AN invasive weed that had not been detected in the Cassowary Coast area for seven years has been found growing at Mission Beach.
Residents have been urged to be on high alert following the discovery of Mikania Vine, which has been identified as one of the worst agricultural weeds in the Asia/Pacific.
“Mikania poses a serious threat to agricultural industries, damages the natural environment and affects the habitat of native animals,” National Tropical Weed Eradication Program Leader Mick Jeffery said.
“Mikania is amongst the worst agricultural weeds in many Pacific and Asian nations which is why (we)… have targeted it for eradication from Australia.”
Mr Jeffery said Mikania Vine patch was spotted by a Cassowary Coast Regional Council Pest Management Operator during a routine roadside survey for Siam Weed.
“The officer spotted a dense brown patch of seed heads and a field visit confirmed the patch of Mikania on the side of the Tully-Mission Beach Road,” Mr Jeffery said.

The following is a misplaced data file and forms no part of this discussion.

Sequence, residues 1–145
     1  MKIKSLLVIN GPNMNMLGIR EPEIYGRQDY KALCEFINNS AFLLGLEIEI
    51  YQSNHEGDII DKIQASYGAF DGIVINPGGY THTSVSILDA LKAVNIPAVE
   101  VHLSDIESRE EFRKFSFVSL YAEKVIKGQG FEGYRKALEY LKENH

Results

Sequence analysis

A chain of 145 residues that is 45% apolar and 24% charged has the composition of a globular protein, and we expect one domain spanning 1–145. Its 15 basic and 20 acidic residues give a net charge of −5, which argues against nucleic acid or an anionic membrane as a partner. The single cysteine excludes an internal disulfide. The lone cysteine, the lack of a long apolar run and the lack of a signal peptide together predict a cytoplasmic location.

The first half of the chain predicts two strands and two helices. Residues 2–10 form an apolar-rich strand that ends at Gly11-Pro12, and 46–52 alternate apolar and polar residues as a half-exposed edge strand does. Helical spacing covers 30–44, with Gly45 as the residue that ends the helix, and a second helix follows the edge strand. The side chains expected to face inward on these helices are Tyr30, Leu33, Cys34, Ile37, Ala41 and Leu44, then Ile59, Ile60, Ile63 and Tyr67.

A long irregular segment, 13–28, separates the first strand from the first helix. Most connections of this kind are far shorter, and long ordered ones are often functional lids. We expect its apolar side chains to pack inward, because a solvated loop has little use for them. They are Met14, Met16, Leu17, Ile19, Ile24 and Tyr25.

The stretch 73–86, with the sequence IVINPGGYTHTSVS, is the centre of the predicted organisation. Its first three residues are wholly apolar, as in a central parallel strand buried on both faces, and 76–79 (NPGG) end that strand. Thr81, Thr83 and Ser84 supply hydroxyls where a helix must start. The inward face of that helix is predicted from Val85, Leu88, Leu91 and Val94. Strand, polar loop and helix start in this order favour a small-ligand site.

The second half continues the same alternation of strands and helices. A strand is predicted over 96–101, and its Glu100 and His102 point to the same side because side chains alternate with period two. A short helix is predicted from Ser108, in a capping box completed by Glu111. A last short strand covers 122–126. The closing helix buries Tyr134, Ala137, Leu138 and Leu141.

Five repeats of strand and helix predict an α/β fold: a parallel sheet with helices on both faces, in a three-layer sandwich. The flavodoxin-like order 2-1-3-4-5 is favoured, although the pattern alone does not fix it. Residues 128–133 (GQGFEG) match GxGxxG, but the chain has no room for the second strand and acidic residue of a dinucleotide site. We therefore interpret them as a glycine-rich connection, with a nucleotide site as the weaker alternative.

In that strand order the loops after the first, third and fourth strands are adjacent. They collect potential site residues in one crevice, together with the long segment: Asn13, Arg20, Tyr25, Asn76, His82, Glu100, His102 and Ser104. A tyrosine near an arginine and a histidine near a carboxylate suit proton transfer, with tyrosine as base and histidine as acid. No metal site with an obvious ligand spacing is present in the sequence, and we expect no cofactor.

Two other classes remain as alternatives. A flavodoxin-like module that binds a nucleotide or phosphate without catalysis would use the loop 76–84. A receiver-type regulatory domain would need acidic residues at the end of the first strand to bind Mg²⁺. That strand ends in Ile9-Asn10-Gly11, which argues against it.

“Mikania is the one of the highest priority weeds for the Cassowary Coast Regional Council and Biosecurity Queensland will work with council to detect and control all Mikania vine outbreaks.
“Ground searches will be conducted over the next few weeks and members of the community are urged to keep an eye out for Mikania.”
Mr Jeffrey said the detection was the first new infestation at Mission Beach for seven years and followed a detection of Mikania in June this year near Ingham.
He said Mikania was an extremely fast-growing smothering vine.
“Mikania has smooth heart-shaped leaves, 4–13 cm in length, that taper to an acute point,” Mr Jeffrey said.
“The leaves grow in opposite pairs along their stems which are slender, ribbed and bear fine, white hairs.
“The leaves also have a pungent smell when handled.”
Mr Jeffery said anyone who suspected they had seen Mikania should contact Biosecurity Queensland on 13 25 23.